I studied this film. I would rewind and fast forward to specific points of interest and watch certain moments repeatedly. I would memorize whole sections of dialogue, mimicking the various accents of the actors. I would study the lighting of those beautiful haze-filled rooms. I would try to figure out why scenes were cut the way they were. I wrote out the entire screenplay by hand over the course of a few days while pausing the VCR every few seconds and then acted out all the parts during the daytime in my room when my roommates were at work.
Even after I moved out of that place and broke my television, I would just listen to the audio of the film. This is where I discovered that the sounds of the roller-coaster swooshing by were the same sounds of the fighter jets in Top Gun, another Tony Scott film. (This is just a theory of course, but I urge you to give it a listen and see what you think.) I simply consumed this film and enjoyed every second of it.
Eventually I moved into a semi-sub-ground-level apartment in Dinkytown, bought an actual typewriter and began writing screenplays and short stories. I devoted myself to becoming a writer/director. I knew that my funds would eventually run out and that I would have to get a job so I started looking through the want ads of the City Pages for film related work. If I remember correctly, at this time you could also call the Minnesota Film Board and listen to listings of films being shot in the area that needed PAs. I am not sure how I found out about it, but I ended up getting my first PA job (making coffee) on a film called Snow that was directed by Eric Tretbar and shot by Phil Harder.
I was paid nothing, but I actually got to observe an entire feature film get made. Since everyone was working for free, people would sometimes not show up and the PAs would have to take over random jobs. One day I had to assist Phil and he explained in great detail how you were supposed to handle a lens and that before you let go of it the other person had to acknowledge that they had it and so forth. I learned the differences between wide angle and telephoto lenses, and a multitude of various jargon that escapes me today. But the best part of this whole experience was that I got to talk with Phil about things. I mentioned that I wanted to make movies and he suggested that I go to this cheap and little-known college in Minneapolis called MCTC because they had tons of equipment and not a lot of students. I hated the idea of college, but the possibility of getting my hands on actual film equipment was one I had to investigate.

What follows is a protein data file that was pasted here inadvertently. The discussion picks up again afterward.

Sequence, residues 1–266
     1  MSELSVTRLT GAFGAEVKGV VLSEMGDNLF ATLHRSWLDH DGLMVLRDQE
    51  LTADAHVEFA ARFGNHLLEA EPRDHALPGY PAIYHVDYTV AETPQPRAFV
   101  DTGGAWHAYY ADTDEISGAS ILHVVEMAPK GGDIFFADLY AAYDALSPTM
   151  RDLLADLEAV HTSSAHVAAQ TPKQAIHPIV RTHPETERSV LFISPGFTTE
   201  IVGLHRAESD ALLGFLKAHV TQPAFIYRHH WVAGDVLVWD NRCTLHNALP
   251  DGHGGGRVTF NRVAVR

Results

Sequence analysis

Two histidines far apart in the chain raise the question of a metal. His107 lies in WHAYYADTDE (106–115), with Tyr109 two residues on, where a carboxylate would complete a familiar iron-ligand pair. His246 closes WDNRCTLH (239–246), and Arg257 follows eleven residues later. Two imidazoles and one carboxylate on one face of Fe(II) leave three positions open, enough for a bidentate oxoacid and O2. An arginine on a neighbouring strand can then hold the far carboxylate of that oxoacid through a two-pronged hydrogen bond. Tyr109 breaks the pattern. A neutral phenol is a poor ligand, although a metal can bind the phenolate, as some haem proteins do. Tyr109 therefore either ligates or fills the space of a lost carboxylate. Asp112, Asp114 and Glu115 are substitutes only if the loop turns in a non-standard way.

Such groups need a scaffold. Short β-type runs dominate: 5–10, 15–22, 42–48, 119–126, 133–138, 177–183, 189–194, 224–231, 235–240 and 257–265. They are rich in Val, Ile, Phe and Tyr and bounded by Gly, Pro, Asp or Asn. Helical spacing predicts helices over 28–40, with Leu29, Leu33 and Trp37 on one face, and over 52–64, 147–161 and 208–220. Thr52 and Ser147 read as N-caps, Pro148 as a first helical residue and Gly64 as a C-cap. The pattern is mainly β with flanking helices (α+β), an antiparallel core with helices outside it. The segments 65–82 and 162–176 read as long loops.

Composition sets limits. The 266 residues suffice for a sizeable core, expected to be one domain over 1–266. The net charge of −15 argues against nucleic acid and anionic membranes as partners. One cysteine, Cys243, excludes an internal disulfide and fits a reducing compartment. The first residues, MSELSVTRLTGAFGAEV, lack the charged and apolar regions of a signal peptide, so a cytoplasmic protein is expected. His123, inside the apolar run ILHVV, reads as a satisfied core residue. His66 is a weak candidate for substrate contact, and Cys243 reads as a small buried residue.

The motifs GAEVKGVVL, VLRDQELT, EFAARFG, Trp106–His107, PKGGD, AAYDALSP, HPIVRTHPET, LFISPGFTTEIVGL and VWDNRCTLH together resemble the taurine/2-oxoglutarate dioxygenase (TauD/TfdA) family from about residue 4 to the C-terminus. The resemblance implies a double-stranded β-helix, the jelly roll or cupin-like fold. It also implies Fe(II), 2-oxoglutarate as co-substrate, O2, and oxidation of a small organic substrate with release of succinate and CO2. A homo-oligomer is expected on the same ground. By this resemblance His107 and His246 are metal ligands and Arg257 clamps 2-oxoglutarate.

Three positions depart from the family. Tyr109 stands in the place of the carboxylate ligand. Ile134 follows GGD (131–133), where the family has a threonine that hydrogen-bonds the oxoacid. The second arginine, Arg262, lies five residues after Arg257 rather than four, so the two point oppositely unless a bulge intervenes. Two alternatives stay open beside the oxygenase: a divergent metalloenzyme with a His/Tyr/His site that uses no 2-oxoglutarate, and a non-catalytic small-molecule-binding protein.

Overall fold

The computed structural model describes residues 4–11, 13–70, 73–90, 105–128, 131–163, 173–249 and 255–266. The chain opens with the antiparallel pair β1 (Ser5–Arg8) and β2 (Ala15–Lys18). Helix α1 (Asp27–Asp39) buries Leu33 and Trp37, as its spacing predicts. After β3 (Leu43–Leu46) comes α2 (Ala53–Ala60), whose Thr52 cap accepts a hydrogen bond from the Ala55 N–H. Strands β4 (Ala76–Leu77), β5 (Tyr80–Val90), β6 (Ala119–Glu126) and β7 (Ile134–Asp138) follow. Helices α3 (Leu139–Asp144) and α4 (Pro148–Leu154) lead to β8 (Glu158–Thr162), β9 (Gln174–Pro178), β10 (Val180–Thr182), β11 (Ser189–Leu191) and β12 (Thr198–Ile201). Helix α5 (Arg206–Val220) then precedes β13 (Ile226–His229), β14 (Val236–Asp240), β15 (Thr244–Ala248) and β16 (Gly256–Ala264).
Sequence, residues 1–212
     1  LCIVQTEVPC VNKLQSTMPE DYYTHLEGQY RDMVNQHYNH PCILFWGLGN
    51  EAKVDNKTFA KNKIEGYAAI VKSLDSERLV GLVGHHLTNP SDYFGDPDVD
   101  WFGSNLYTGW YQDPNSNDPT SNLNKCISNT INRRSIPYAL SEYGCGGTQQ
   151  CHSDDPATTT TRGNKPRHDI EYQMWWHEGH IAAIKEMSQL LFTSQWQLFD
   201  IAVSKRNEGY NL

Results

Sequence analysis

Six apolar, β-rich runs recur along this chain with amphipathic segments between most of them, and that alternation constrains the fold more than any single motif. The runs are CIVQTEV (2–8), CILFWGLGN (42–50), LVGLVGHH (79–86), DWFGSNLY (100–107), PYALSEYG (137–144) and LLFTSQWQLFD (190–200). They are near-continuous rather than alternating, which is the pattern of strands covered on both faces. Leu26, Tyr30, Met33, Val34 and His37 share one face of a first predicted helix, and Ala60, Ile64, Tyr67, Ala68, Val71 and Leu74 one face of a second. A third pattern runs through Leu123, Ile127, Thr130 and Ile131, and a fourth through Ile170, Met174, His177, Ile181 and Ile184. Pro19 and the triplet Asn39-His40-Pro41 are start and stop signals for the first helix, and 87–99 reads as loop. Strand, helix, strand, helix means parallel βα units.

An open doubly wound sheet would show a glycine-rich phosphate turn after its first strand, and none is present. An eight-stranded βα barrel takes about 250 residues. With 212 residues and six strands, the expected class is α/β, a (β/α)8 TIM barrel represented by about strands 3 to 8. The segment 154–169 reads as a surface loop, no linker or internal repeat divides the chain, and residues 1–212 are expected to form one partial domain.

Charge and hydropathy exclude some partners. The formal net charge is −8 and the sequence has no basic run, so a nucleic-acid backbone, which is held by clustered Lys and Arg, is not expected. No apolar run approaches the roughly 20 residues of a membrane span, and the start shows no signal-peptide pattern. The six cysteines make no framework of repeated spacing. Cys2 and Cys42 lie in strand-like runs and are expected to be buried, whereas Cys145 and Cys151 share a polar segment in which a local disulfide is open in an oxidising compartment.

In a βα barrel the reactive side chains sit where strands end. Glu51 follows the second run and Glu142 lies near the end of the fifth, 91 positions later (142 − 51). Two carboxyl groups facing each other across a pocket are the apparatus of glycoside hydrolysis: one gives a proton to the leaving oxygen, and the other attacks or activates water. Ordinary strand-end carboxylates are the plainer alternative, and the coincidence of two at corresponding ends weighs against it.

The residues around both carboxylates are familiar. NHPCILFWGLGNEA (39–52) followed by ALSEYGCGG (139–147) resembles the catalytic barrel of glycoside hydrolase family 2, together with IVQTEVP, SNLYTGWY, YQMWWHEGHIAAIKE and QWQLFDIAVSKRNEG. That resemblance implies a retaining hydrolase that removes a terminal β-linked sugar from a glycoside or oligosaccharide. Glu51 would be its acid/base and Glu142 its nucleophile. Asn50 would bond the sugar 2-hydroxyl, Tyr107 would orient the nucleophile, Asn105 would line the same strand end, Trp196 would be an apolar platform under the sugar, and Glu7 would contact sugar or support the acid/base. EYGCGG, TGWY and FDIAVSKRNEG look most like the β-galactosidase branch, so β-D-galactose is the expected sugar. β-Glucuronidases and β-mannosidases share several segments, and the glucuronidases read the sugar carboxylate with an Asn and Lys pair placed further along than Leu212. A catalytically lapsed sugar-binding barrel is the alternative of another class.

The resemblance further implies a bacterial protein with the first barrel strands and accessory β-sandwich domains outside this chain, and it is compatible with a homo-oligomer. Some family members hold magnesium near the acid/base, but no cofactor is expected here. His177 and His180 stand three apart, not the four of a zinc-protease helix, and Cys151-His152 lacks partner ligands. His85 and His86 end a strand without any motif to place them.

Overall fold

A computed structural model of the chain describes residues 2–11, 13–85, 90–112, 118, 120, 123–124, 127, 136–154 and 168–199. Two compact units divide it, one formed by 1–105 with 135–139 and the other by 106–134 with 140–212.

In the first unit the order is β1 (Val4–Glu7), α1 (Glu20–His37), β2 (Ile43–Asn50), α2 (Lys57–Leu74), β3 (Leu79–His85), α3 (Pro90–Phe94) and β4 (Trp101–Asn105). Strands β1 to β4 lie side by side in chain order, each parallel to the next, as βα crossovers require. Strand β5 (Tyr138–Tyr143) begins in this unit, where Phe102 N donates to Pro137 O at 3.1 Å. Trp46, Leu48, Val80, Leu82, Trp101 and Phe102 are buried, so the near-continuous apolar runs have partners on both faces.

Eventually, I went back to college and made a handful of short films on actual 16mm. I ended up getting two jobs to help fund the films and my college experience 2.0. Somewhere along the way I ran out of money and couldn’t continue shooting film, so I switched to screenwriting as all I would need for that would be paper and pencil. My screenwriting teacher was a man named Hafed Bouassida and in the midst of everyone trying to write the next Pulp Fiction (or in my case the next True Romance) he gave me the simplest, most angering, yet most important bit of advice I have ever received: Write what you know. And though I never made it in the screenwriting/filmmaking world, I took that advice to my songwriting and perhaps that’s why I write songs about stuttering, asthma, and alcohol. I know these subjects well.
Perhaps my ramblings have nothing to do with Tony Scott. Perhaps they have everything to do with him. But his death prompted me to think about things I hadn’t thought about in a while.
Everyone has a story about the moment when they knew what they wanted to do with their lives and this just happens to be mine. I knew I wanted to make movies after seeing Twin Peaks, but my obsession with True Romance gave me that extra push to go out and try to make it a reality. I haven’t given up on making movies. I have just been sidetracked by music, for which I am eternally grateful.
Eventually, I did get the girl. I didn’t get to save her though. She ended up saving me. And although our story is not as action packed as Clarence’s and Alabama’s, it’s still a pretty damn good story. I even wrote a song about it. It’s called “True Romance.”
Previously for Scene-Stealers Justin has mounted an impassioned defense of Indiana Jones and the Kingdom of the Crystal Skull and he helped us . Motion City Soundtrack’s new album Go is awesome and its out now.